• Democracy Now! Special: Four Days in Occupied Western Sahara—A Rare Look Inside Africa’s Last Colony

    Democracy Now! breaks a multiyear media blockade on occupied Western Sahara imposed by the Kingdom of Morocco, documenting the brutality of an occupation inside Africa’s last colony.
  • Pharma’s Windfall: The Mining of Rare Diseases

    In 1983, California congressman Henry Waxman helped pass the Orphan Drug Act to encourage research on rare diseases. The law offered financial incentives to drug makers in hopes they would tackle long-neglected disorders while breaking even or posting modest profits. Ever since, the Orphan Drug Act was lauded as government at its finest, praised for providing a boon in generating new pharmaceuticals. But by the act’s 30th anniversary, The Seattle Times found that the law’s good intentions had been subverted. In what amounts to a windfall, the pharmaceutical industry has exploited this once-obscure niche of the healthcare field, turning rare diseases into a multibillion dollar enterprise and the fastest-growing sector of America’s prescription-drug system. The series, “Pharma’s Windfall: The Mining of Rare Diseases,” uses extensive data from the FDA and NIH, along with financial reports from the SEC to show the financial incentives behind the system. For the human repercussions, the reporters found and told the stories of families struggling with rare disease.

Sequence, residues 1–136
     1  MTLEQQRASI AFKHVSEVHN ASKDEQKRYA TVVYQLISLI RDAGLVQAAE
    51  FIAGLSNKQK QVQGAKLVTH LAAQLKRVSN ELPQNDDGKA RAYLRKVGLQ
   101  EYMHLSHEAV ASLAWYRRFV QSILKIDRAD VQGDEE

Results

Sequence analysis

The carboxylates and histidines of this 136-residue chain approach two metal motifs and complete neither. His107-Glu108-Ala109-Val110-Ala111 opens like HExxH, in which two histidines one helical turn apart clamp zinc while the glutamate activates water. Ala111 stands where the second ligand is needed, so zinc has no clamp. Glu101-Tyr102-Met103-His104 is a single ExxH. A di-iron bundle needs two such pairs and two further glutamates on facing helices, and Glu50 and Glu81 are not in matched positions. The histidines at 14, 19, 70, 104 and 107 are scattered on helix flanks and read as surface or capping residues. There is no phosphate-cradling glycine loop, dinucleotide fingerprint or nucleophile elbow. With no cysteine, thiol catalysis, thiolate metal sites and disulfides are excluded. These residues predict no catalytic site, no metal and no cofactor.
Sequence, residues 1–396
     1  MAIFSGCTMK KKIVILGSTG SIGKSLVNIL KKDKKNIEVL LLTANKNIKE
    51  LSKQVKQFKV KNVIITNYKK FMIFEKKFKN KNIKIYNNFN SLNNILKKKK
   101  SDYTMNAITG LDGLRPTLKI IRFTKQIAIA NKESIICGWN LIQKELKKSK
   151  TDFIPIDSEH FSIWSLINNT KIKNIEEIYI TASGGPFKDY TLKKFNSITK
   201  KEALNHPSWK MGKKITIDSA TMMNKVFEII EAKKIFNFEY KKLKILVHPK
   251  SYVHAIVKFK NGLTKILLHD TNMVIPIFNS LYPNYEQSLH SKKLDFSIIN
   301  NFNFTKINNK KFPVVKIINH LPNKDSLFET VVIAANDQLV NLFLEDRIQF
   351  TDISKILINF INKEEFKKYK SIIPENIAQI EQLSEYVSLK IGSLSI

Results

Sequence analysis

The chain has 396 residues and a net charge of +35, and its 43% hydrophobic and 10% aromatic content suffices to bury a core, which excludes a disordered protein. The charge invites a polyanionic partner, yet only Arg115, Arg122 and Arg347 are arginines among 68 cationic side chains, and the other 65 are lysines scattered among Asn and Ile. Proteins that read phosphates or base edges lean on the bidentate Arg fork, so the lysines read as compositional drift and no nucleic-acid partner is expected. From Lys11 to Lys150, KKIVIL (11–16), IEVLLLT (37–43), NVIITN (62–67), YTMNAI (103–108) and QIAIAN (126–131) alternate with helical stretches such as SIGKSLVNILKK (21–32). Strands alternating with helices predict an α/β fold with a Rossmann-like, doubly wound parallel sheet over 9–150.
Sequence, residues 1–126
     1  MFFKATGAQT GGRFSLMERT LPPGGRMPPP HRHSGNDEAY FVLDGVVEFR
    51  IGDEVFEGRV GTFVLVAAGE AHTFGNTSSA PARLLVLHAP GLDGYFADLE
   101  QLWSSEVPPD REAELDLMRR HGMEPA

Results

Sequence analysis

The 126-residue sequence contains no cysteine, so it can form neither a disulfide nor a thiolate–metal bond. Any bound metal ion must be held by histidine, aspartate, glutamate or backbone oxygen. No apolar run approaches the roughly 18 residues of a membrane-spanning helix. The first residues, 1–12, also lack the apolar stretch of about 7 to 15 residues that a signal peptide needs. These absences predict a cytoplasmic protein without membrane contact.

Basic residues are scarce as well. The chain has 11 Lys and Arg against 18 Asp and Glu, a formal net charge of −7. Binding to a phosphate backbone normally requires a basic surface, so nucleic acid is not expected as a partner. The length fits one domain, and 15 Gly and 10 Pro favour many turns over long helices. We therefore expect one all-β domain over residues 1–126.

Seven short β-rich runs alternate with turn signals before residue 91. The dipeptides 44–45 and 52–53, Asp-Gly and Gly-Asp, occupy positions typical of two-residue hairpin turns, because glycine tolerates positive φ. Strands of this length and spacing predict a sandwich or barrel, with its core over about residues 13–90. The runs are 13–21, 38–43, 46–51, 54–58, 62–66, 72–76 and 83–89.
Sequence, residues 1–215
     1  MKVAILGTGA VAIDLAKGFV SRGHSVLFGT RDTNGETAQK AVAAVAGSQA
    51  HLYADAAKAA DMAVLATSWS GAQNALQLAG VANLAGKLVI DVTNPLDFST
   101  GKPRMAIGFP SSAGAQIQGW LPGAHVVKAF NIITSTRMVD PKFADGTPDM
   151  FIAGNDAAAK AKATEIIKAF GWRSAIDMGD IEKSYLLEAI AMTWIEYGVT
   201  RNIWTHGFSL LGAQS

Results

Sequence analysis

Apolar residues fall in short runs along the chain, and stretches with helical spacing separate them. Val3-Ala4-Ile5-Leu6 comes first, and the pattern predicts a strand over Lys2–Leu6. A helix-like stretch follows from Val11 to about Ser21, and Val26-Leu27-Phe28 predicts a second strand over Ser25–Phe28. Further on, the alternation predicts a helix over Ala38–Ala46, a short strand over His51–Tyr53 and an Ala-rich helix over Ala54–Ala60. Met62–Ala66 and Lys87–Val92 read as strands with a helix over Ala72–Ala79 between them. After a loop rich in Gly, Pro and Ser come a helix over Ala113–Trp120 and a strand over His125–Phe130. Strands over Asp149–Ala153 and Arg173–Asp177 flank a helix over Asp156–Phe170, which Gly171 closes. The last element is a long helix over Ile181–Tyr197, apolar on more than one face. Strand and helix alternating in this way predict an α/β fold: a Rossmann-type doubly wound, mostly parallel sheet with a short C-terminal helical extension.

• The Deadly Dust